RAM, or random access memory, will help your gaming PC access files quickly and run multiple instructions at once without lagging. You want to make sure your system has sufficient amount of RAM for any software that needs to access it. If you have a limited budget, a great addition to any system with a HDD is Intel® Optane™ memory. It is a great way to accelerate your system! While 8 GB of RAM will serve nicely, top gaming enthusiasts will use 16 GB of RAM or more in their rigs. Depending on your motherboard configuration, systems generally support up to 64 GB of RAM. Intel’s X299 platform supports up to 128 GB!
Operating System (OS)
When you build your own gaming PC, you get to choose the operating system. Think about what programs and applications you’ll run (in addition to games) and make sure your chosen OS will work well with everything. Popular OS choices include Windows* 10, Linux*, and Mac* OS, but there are other options as well.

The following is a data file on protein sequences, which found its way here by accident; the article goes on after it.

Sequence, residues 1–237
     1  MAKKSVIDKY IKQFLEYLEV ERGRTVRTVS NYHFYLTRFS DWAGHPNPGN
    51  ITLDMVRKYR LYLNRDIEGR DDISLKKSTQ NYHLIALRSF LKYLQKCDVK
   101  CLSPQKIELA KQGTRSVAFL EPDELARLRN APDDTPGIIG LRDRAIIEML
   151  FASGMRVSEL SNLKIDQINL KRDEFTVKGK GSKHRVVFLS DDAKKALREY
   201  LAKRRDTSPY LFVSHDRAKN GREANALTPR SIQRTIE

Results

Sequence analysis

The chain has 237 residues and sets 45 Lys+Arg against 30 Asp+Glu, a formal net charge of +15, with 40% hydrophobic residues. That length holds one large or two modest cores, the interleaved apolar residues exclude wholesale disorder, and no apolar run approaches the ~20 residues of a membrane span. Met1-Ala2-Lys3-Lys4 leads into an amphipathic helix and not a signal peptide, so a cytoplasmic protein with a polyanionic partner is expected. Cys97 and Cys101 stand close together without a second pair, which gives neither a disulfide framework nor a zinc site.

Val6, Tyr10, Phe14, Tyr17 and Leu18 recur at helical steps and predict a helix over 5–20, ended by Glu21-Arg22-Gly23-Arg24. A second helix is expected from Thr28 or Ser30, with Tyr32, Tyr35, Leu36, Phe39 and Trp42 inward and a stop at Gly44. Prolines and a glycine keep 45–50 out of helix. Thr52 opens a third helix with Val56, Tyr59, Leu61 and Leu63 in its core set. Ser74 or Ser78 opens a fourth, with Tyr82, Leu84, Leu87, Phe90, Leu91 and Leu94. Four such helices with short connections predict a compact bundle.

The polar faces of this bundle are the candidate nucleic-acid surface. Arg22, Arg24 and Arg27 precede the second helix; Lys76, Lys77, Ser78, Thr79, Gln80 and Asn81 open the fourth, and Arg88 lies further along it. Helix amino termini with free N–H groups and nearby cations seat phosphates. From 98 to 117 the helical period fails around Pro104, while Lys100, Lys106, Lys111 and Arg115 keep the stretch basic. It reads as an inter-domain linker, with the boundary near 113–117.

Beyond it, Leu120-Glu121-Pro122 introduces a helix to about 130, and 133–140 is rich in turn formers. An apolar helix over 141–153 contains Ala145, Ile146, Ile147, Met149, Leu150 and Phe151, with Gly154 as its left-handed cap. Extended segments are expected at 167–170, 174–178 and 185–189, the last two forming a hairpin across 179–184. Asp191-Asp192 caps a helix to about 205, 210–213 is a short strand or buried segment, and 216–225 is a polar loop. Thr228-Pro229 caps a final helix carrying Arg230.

Storage: Solid-State Drive (SSD) or Hard Disk Drive (HDD)
Your next decision is SSD or HDD, or both? Many believe that a high-performing gaming PC demands an SSD for hyper-fast game loading times and almost instant responsiveness.
Modern SSDs have two protocols in the form of SATA or Non-Volatile Memory Express* (NVMe*). SATA is an older protocol with solid performance, while NVMe is newer and uses PCI Express* lanes for increased bandwidth. NVMe also has lower latency than SATA which means it can respond quicker. Intel’s best NVMe SSD, the 900p, can sequentially read up to 2500MB/s while SATA SSDs top out at 560MB/s.
A common configuration combines the best of both worlds and uses a lower-capacity SSD in conjunction with a hard drive. You’ll get fast loading times, cost efficiency, and storage capacity. To help select the right model (or models), make sure you check how much storage you’ll need from the games you want to play, and think about how many other things—games, files, music, videos—you could store here as well.
Power Supply Unit (PSU)
Veteran gamers will tell you—don’t underestimate the importance of the power supply! It’s not a good idea to try to save money in this area. The quality of your PSU matters. Do research and make sure the PSU you have selected can handle the load of your other components. Buying from a trusted brand with a great warranty will keep your components safe!